Our CT based analysis of post-operative Femoral Tilt (FT) in cementless femoral stems revealed a considerable variability and maximum FT values up to 10.2°. We found no significant difference between male and female patients. Although our analysis in 40 patients is limited by numbers, it confirms that variations of the FT between 1.7° and 10.2° occur in clinical practice.
For analysing the effects of FT on femoral antetorsion and an impingement-free compliant stem/cup position, we used a three-dimensional hip joint model including CAD files of actual implants with specific geometries. Previous studies used generic implant models represented by spheres and cones. Within our computer model, we compared initial (iAT) versus effective antetorsion (AT) values. From a biomechanical perspective, the definition of iAT is based on a rotational approach to determine the implant orientation, whereas the definition of AT is a measurement which uses projections to an axial plane. Thus, basically a rotation-based definition of stem orientation (iAT) was compared with projection measurements (AT). From a clinical perspective, both definitions are useful. iAT reflects a direct rotation around the shaft axis of the stem. Thus, it corresponds to the rotational alignment of the stem in the proximal part of the femur, which e.g. can be modified by using modular implants. Instead, AT refers to the overall rotational alignment around a cranial-caudal axis. Our results show considerable alteration of femoral antetorsion with variation of FT, even when the same rotational alignment at the proximal part of the femur (iAT) is applied. For a neck-shaft angle of 135° this effect is almost 1-to-1, i.e. an increment of 1° in the FT angle induces a decrement of 1° in antetorsion (Additional file 1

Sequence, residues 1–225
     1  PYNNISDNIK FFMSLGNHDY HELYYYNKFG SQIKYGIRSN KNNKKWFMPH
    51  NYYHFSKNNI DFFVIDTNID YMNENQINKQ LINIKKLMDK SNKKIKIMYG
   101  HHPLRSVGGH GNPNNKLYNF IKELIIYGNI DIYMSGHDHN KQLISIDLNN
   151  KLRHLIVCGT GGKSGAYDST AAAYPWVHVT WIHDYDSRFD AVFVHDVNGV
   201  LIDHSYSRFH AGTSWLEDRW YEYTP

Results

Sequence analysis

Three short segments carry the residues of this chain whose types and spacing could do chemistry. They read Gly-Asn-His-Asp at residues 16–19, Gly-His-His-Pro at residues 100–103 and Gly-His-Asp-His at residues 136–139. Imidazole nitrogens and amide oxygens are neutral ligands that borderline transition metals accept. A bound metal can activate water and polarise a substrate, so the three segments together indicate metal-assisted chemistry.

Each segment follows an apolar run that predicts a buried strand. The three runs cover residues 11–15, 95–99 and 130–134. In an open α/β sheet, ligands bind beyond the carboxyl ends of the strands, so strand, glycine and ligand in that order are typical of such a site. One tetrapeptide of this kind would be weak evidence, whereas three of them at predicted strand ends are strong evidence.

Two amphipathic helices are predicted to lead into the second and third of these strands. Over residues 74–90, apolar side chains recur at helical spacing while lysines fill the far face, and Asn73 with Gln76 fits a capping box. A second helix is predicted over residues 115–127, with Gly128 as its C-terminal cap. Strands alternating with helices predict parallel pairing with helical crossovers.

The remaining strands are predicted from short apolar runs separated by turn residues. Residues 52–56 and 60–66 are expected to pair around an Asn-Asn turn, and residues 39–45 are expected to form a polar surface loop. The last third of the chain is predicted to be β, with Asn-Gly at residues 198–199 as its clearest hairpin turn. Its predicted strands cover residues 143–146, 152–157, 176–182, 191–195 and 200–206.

According to the results by Widmer at al., cup inclination, cup anteversion, and stem antetorsion determine an optimized, impingement-free ROM and are highly interdependent. Widmer determined a linear relationship between cup anteversion and stem antetorsion which has been summarized within the so-called “Widmer formula”: Cup anteversion
0.7 x Stem antetorsion
]. With the help of a 3D computer model of the hip, we were able to analyze these dependencies in terms of complementary component orientations with mating of the femoral head in the cup without impingement of the two throughout all body positions under the influence of FT. Our results clearly demonstrate that the size of this so-called “zone-of-compliance” can differ by more than 200% when clinical FT values are applied (Figure ). As an example, the optimum cup position according to Widmer changes from 35° radiographic inclination to 39° inclination when a FT is increased by 7° and the same (effective) antetorsion is used. These findings are very important clinically, particularly for surgeons following the concept of “combined anteversion” or “femur first” in THA. A ROM-optimized cup position cannot be calculated based on antetorsion values only. Thus, if the surgeon were to position the cup in relation to the femoral stem antetorsion, the influence of FT has to be considered as well.
Apart from our previous work on this topic [14